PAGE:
How to Serve Tea

The tea ceremony is not only about sharing tea - it's about getting people out of their heads and into the present moment with each other.

What we do at Immodestea is dubbed "California" tea ceremony, which means we nod our heads towards tradition but ultimately have carved our own unique tea drinking experience. This How To is about creating your own tea drinking experience to share.

Set & Setting

The space you are in effects the feeling and flow of your experience. Tea pairs well everything so almost anywhere will do. Don't be afraid to go somewhere different or try something new.

Parks

Parks are beautiful places to get together and enjoy tea, nature and company side by side.

At Home

Inviting people to your home will always be a great way to share tea. Whether grand or humble, your home itself does not matter as much as the way your tea is presented. Beautiful wares go a long way, and surrounding your tray with small things like stones, flowers, anything you fancy will make the space special. Sitting on pillows around a coffee table is another simple way to make something unique.

Other Gatherings

Tea is also a great offering to bring to other people's events. If bringing tea to a social gathering with lots of people, it can be nice to find a nook away from the main festivities for people to settle into.

Sharing Tea

In order to share tea you must, of course, make tea. The details of doing this will vary by leaf, and is covered in How To Brew Tea.

Smell, Brew and Share

Brewing tea can be as simple or theatrical as you wish, but people enjoy being part of the experience either way. It's best to have the water boiled before guests arrive, but the tea itself not brewed until you all are sitting together.

Offer the dry leaves for people to smell. This creates curiosity about the tea, starts opening the palette, and really just smells great.

Brew your tea. During the first brew I like to tell everyone a fact or small story about the tea we will be drinking. Knowing more almost always makes it taste better.

After everyone's cups are full, you can offer to have others smell the brewed tea leaves, either by wafting the pot lid or the open pot itself. This, again, opens the palette and just smells really great.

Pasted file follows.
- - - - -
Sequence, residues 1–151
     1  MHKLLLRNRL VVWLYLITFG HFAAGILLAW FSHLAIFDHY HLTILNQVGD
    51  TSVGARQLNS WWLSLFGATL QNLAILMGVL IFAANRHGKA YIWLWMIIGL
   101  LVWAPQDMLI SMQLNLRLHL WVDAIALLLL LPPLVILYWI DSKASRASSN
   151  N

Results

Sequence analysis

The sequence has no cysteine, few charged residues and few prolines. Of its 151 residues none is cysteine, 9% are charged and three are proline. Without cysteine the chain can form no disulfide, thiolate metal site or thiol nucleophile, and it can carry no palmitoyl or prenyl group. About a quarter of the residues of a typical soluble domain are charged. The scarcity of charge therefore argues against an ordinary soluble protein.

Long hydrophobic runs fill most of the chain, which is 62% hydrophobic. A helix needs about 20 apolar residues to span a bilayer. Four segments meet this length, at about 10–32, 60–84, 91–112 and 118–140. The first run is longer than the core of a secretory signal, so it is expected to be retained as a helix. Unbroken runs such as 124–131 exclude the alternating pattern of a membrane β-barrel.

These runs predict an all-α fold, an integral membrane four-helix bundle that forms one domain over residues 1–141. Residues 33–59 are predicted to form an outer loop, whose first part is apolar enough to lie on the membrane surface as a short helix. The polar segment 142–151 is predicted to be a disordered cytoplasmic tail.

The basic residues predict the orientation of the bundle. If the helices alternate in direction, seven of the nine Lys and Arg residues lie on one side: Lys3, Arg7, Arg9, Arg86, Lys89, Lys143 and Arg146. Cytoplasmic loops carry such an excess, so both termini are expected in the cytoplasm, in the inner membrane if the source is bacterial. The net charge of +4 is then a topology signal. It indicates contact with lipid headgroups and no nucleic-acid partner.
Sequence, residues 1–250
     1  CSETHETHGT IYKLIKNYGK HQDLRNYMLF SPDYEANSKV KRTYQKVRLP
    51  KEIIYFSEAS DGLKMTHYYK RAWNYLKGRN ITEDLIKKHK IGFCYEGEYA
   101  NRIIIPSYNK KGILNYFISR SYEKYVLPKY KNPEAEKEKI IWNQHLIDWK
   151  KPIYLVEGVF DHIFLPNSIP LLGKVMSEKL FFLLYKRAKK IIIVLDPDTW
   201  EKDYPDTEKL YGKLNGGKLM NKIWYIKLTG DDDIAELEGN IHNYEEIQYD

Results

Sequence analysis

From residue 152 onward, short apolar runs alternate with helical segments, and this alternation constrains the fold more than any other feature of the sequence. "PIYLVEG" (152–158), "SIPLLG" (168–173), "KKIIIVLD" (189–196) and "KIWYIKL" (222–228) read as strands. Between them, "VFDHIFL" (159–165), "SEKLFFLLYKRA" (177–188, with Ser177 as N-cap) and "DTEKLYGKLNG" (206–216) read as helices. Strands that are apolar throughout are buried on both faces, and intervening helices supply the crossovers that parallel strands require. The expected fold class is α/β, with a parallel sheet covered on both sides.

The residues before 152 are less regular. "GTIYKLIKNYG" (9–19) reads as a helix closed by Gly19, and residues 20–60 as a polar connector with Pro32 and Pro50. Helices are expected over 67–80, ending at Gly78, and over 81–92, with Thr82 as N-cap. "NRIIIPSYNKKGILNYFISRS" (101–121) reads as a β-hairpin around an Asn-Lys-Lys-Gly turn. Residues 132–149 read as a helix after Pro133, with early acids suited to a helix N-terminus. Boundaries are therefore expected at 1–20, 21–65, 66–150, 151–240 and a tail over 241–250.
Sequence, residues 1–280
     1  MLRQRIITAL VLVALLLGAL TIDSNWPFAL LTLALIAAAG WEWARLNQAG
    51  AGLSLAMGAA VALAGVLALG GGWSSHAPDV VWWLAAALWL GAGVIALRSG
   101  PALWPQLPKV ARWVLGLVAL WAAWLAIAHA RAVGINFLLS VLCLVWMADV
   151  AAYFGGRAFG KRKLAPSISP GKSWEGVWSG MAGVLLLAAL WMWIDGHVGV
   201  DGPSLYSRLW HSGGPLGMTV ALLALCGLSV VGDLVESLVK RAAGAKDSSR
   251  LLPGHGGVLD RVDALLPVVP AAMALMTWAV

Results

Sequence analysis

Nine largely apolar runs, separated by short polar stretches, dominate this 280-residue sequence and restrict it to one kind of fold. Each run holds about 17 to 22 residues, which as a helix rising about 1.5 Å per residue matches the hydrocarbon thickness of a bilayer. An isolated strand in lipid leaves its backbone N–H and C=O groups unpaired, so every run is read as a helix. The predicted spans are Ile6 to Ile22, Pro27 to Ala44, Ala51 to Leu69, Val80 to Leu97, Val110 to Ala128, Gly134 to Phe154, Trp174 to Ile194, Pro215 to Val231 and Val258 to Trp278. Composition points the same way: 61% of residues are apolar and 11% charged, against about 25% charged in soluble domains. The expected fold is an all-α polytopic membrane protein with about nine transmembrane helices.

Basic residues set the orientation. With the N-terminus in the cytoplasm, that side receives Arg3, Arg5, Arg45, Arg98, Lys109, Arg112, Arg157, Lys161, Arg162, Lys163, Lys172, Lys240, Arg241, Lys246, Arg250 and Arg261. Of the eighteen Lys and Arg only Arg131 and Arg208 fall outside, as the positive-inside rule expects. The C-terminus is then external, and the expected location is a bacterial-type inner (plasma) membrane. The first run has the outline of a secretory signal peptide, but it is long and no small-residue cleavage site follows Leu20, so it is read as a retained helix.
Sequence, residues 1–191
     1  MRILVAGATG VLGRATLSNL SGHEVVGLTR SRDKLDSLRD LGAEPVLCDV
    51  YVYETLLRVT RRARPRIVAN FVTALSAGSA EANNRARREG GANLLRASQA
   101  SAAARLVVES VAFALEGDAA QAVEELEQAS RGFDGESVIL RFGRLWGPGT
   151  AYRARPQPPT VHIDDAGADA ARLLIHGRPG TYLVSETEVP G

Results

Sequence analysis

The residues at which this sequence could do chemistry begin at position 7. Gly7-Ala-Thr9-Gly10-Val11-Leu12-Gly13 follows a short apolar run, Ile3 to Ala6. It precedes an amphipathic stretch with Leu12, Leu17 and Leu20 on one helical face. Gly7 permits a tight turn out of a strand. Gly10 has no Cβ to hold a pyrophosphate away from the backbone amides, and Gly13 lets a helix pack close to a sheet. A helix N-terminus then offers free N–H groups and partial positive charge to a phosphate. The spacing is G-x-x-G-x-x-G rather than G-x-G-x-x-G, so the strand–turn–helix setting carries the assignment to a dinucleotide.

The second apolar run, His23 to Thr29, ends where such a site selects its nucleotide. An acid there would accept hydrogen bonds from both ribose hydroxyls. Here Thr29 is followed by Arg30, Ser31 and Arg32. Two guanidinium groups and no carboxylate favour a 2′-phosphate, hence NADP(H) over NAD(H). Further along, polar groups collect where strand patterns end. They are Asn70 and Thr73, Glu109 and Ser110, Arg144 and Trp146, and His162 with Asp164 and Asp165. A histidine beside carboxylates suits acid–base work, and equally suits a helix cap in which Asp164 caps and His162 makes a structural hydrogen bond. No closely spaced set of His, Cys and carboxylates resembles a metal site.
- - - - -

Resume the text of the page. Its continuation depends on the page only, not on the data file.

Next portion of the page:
Keep Cups FIlled

Throughout the session, be sure to keep an eye on emptied cups and keep warm tea flowing into them. This level of attention to the drinks of your guests will not go unappreciated. If you wish, you can teach them the traditional signal for requesting tea: cups face up are filled with tea, cups face down recieve none but may be returned face up at any time.

Facilitating an Experience

Now that people are primed, present, and you're at the head of the tray, what sort of experience do you want to see? Something playful, intellectual, emotional?

Set an Example

As the person at the head of the tray, and likely the host as well, you have the ability to set the tone for the evening. By being open and acting in the way you want others to engage, you give them social permission to do just that. Don't over think it though, just let the way you are happen.

Tell a Story

Telling a story is a wonderful way to set a tone and invite people to share themselves. Tell something about yourself, about the tea, about something you want to see, or anything about the topic you wish to discuss.

Ask a Question

Questions are another wonderful way to set a mood and are engaging right away. Here are a few questions I find are great for just about any scenario.

   What inspires you?

   If an action figure was made of you, what would it say when you pulled its drawstring?

   What animal is most like you and why?

Enjoy Your Creation!

Remember that when you are behind the tea tray, this is your domain. This article outlines what works for us, but what is most imporant is that you bring your own flair to the table. Anything you create will be great. Thank you for sharing your experience with the world.